Anime || Manga

This Anime Legend Dubs Some of Hollywood’s Coolest Characters

 

Even if you don’t know his name, you’ve likely heard and enjoyed the work of Norio Wakamoto. The riot cop turned voice actor has voiced some of the most iconic roles in anime. From Vicious in Cowboy Bebop to Coach Ota in Aim for the Top! Gunbuster—and, of course, Chiyo’s dad in Azumanga Daioh—he’s a force to be reckoned with.

 

But did you know that, in addition to all that, Wakamoto has voiced some of the coolest dudes in Hollywood? It’s especially relevant now, as The Rise of Skywalker means he’s returning to one of his most prominent film dubbing roles.

 

 

While Lando Calrissian first returned to Star Wars on the big screen as Solo (portrayed by Donald Glover), Billy Dee Williams himself took up the mantle for the recently released final film in the original series, The Rise of Skywalker. Along with him came Wakamoto, who first played the role for the Japanese dubs of The Empire Strikes Back and Return of the Jedi.

Wakamoto is a fan of the character and of Williams, and mentioned in interviews for the latest film that he was excited to see Lando back in the cockpit of the Millennium Falcon (which, you know, used to be his). The voice actor also said that, despite Williams returning to the role, he didn’t expect to be asked back to dub the character again. Several roles—including a certain returning villain—were recast between films. But the iconic character and the iconic voice were reunited for the final chapter of the Skywalker family saga.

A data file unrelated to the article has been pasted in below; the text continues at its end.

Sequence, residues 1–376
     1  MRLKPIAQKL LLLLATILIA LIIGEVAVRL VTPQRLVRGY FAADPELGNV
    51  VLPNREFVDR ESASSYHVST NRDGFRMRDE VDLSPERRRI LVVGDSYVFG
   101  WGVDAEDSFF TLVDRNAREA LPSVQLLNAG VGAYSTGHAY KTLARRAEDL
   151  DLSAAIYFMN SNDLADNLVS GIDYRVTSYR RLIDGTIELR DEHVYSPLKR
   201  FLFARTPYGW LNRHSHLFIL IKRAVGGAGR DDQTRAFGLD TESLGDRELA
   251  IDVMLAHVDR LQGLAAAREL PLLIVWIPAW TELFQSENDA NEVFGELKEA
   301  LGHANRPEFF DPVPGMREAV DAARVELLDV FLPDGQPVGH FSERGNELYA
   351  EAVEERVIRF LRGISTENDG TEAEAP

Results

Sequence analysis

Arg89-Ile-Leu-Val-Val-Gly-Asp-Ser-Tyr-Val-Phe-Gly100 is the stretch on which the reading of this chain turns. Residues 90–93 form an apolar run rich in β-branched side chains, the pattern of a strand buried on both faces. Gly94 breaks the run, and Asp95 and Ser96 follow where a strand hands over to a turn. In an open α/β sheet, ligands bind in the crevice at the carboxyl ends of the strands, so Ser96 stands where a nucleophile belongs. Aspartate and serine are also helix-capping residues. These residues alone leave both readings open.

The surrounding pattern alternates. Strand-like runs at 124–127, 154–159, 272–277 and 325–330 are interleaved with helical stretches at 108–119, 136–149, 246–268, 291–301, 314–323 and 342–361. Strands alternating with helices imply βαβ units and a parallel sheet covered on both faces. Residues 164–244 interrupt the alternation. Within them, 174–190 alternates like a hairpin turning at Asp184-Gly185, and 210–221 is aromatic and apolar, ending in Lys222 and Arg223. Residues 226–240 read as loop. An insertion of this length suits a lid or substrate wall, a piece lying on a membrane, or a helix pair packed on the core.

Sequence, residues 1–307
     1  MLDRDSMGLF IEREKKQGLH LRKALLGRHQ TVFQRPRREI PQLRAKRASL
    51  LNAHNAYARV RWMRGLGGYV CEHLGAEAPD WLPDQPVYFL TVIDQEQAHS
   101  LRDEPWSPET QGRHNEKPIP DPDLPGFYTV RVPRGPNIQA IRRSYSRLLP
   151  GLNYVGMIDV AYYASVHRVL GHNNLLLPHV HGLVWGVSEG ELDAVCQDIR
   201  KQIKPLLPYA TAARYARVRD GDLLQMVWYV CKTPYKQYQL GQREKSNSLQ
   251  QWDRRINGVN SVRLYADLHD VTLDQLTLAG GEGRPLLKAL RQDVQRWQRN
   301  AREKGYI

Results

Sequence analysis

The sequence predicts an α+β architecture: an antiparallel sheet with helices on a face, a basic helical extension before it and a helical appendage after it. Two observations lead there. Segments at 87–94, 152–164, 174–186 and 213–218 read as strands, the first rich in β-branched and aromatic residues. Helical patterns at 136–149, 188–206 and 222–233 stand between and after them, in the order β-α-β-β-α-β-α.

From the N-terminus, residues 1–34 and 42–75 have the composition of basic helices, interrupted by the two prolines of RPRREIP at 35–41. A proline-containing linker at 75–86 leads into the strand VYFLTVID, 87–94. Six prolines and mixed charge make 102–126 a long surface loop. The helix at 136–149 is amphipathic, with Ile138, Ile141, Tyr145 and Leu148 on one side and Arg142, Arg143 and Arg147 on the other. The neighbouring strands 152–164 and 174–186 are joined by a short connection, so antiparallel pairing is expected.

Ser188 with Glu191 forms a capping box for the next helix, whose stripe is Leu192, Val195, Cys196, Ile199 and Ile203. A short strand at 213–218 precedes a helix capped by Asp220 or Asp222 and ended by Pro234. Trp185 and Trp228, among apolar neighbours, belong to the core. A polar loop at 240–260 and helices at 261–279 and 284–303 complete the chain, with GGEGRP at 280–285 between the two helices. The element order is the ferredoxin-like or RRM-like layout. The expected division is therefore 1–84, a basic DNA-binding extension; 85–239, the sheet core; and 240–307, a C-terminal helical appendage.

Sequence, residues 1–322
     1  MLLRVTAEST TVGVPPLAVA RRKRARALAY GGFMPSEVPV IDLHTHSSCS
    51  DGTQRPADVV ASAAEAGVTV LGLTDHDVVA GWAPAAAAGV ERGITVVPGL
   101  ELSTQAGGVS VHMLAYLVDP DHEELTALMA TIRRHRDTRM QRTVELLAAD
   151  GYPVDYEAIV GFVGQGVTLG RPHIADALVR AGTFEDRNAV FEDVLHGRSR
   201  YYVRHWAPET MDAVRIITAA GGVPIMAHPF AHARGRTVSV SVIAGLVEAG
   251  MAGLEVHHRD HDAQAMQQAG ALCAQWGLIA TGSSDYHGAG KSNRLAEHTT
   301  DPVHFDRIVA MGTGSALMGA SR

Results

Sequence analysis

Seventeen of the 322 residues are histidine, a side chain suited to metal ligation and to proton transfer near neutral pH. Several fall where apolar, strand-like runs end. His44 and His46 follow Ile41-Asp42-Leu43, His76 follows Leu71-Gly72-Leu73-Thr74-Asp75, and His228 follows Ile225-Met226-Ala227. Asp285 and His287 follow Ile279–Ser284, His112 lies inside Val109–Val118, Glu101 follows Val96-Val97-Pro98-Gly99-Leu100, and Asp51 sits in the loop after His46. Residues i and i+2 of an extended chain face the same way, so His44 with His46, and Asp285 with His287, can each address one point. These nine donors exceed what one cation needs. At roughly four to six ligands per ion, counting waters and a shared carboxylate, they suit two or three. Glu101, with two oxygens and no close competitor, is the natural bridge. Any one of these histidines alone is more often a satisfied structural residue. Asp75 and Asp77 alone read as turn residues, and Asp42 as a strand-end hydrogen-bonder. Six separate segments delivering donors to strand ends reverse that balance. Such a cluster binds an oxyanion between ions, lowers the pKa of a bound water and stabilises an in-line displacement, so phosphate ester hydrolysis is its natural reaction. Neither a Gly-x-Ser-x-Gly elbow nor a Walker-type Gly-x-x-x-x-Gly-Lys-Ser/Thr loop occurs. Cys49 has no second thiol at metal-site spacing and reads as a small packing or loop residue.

Once you’ve heard Wakamoto’s voice, you can’t forget it. It has a unique edge to it that makes it perfect for tough, menacing roles. So it’s no wonder that some of his other major Hollywood dubbing turns have been exactly that.

 

No amount of sound editing or heavy makeup can hide the fact that it’s Tim Curry as the Lord of Darkness in the 1985 fantasy film Legend. Wakamoto’s imposing tone is pretty much a no-brainer for this character, as he took the role for the Japanese release of the Ridley Scott piece.

 

 

He also took on dubbing duties for a slightly less on-the-nose villain: Liam Neeson’s Henri Ducard, a.k.a. Ra’s al Ghul in Christopher Nolan’s Batman Begins

In both cases, Wakamoto isn’t exactly a match for the actor’s voice so much as a match for the character. But he, like many other dub actors, has a few regular roles thanks to being paired off—professionally, that is—with Hollywood stars.

 

 

 

By now we all know the unmistakable voice of Lupin the 3rd, originally supplied in the long haul by voice actor Yasuo Yamada. But when he wasn’t playing the gentleman thief, Yamada had a regular gig as the dub voice of Clint Eastwood—meaning every time Eastwood showed up in a movie, he got called in!

 

Wakamoto has a similar arrangement for two Hollwood actors. Prison Break fans will be familiar with actor Robert Knepper as T-Bag; and fans in Japan will hear Wakamoto’s voice for the character. But he also covers several of Knepper’s other roles, including Clock King in Arrow and The Flash and appearances in Hawaii Five-O, The Blacklist, and Homeland.

You’ll also hear him dubbing over Vernon Wells as Wez in Mad Max 2 and Bennett in Commando.

The career of Norio Wakamoto is nothing if not varied. He’s got a voice that makes him perfect for heroes, villains, cat-dads, and over-the-top headmasters. But it’s also great to know that, at least in Japan, he’s also the voice of some of our favorite characters from film and television. Most of all, we’re glad he’s back in the Millennium Falcon.

 

What’s your favorite Norio Wakamoto role? What do you think of his Hollywood dubbing roles? Let us know in the comments!

 

 

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Kara Dennison is the co-founder of Altrix Books and co-creator of OEL light novel series Owl’s Flower, with writing credits across the Internet. She blogs at karadennison.com and tweets @RubyCosmos. Her latest book, Vanishing Tales of the City, is now available from Obverse Books.


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